Skip to main content

Rabies Virus Neutralizing Antibodies in Unvaccinated Rabies Occupational Risk Groups in Niger State, Nigeria | Chapter 13 | Current Trends in Disease and Health Vol. 1

Aims: To determine the presence of rabies virus neutralizing antibodies (rVNA) as well the potency of the rVNA in rabies occupational risk humans in Niger State of Nigeria.

Study Design: Cross-sectional study.

Place and Duration: Research was conducted at the Department of Veterinary Public Health, Ahmadu Bello University, Zaria, Nigeria and Rabies Unit, Centers for Disease Control and Prevention, CDC, Atlanta, USA, between May, 2012 and March, 2013.


Materials and Methods: A total of 185 human volunteers were recruited from rabies risk occupational groups who filled a structured questionnaire on their previous bite history and vaccination status, between May and July, 2012. A 2 ml each of blood from volunteers was collected and centrifuged at 3000 rpm for 10 minutes and sera separated into pre-labeled vacutainers. Standard Rapid fluorescent focus inhibition test (RFFIT) was used to detect the presence of rVNA in the sera. Further end point titration of the rVNA positive human sera was conducted to determine the potency.

Results: The results indicated that, detectable titre of rVNA was recorded in 16.4% (23 of 140) viable human sera screened. Although from the questionnaire survey, 21.7% (5 out of the 23 positives) responded to have been vaccinated over ten years prior. At least 3 of the respondents (1 dog butcher and 2 dog meat consumers) who responded not previously vaccinated had some neutralizing antibody titre range of 0.65 – 0.7 IU/ml which is above the minimum protective titre (0.5IU/ml) recommended by WHO. Similarly, 3 respondents (2 veterinarians and 1 animal health personnel) who responded to have been previously vaccinated (> 10 years earlier) yet had a high titre range of 0.5 – 5.4IU/ml. The highest specific rate for rVNA of 25% each was seen amongst the dog butchers and pet owners followed by hunters (20%) and dog meat consumers (14.8%). Up to 125 (67.6%) of the volunteers do consume dog meat with only 12 (9.6%) of them being dog butchers who source dogs for slaughter from households within and outside their territories.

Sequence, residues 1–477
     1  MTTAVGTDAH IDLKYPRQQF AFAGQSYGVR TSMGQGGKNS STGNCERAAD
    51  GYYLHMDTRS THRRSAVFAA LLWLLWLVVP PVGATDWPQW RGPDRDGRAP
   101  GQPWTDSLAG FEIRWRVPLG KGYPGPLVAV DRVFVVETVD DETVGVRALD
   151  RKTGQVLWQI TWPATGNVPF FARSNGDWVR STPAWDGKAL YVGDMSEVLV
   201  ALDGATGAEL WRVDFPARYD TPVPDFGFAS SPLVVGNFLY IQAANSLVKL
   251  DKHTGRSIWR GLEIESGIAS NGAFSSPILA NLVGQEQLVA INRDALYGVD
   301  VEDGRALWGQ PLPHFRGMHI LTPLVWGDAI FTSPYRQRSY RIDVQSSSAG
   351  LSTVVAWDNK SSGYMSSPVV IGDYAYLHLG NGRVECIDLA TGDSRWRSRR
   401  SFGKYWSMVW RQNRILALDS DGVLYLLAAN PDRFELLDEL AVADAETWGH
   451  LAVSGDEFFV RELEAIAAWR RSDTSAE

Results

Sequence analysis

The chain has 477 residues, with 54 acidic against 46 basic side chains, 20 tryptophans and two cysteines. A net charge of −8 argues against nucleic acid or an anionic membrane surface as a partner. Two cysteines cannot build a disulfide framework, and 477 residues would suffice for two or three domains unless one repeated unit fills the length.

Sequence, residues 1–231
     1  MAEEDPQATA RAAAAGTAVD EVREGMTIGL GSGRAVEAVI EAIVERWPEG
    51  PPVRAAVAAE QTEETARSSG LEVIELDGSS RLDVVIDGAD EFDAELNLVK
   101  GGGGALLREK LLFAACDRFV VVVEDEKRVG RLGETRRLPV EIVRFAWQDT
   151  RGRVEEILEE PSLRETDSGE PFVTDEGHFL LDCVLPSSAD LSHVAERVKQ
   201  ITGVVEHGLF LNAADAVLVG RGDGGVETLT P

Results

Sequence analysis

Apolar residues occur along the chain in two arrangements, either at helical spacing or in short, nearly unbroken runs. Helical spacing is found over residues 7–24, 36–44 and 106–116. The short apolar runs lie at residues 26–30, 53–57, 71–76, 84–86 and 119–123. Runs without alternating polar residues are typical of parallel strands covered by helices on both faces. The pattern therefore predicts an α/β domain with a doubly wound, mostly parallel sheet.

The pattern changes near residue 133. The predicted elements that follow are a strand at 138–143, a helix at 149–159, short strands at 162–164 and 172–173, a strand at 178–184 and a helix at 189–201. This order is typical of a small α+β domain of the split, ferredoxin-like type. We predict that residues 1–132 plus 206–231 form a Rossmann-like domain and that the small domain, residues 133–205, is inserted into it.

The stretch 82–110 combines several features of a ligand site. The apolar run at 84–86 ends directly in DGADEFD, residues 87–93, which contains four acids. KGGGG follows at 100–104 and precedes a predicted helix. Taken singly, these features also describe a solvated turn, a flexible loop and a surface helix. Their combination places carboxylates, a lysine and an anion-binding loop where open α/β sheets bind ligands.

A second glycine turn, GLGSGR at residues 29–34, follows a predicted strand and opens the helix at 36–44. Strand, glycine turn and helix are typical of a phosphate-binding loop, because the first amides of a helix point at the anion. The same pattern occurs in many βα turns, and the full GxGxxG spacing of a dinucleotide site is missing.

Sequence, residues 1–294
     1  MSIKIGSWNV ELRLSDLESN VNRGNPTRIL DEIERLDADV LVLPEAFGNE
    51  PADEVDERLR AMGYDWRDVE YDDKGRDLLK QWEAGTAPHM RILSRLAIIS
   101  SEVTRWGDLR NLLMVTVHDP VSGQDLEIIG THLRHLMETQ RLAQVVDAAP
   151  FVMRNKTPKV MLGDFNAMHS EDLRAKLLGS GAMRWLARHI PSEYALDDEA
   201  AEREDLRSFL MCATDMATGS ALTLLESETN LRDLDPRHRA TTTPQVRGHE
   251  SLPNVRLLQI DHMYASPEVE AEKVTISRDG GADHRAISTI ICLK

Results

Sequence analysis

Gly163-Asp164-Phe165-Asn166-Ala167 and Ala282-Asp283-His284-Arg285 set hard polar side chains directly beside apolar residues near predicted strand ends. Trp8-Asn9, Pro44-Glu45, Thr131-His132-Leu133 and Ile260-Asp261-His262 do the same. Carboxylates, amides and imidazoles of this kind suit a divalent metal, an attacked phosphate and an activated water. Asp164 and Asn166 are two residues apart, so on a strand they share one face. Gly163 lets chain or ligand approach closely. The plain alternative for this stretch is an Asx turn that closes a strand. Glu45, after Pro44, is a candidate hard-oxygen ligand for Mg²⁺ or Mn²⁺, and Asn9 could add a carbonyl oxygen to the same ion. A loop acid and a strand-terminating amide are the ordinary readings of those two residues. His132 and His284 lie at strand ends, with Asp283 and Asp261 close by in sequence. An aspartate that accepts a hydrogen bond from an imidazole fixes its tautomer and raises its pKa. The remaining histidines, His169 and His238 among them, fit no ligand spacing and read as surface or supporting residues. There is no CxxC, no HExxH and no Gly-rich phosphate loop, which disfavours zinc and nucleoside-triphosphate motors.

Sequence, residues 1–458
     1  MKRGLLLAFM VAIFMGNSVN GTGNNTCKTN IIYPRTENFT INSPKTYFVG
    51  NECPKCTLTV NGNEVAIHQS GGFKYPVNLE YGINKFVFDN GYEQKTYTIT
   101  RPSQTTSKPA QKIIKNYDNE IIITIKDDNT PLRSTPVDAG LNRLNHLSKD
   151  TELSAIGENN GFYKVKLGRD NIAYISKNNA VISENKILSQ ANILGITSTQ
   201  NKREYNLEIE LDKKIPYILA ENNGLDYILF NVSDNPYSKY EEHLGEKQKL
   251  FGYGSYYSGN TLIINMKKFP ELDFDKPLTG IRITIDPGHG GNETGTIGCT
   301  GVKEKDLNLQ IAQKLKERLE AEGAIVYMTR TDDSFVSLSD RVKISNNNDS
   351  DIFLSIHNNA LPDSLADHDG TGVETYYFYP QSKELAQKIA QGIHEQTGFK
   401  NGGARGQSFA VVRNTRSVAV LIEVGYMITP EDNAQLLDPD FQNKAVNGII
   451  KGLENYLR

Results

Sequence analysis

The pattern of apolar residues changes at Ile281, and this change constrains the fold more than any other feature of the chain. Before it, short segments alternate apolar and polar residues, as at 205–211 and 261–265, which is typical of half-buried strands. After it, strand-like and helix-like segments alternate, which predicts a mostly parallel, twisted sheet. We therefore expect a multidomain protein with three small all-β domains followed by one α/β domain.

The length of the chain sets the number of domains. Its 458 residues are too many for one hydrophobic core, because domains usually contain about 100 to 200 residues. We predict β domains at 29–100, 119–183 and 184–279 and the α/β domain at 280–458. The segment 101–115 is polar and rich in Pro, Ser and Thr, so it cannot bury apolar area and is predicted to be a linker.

Conclusion: Although the WHO minimum protective titre of rVNA is 0.5 IU/ml, the presence of relatively high titres amongst these risk groups in this report is an indication of a serious public health threat. This study recommends the vaccination of rabies high risk groups and further screening of rabies occupational risk and non risk groups in the study area and Nigeria at large. This study concludes that there is serological evidence of rVNA in the serum of vaccinated and unvaccinated rabies occupational risk groups in Nigeria. Rabies occupational risk groups are at risk of contracting rabies without overt symptoms of rabies, but serological response with some reasonable titres that may or may not be protective.

Author(s) Details

Dr.  A. Garba
Diagnostics and Extension Department, National Veterinary Research Institute, Vom, Nigeria.

Comments

Popular posts from this blog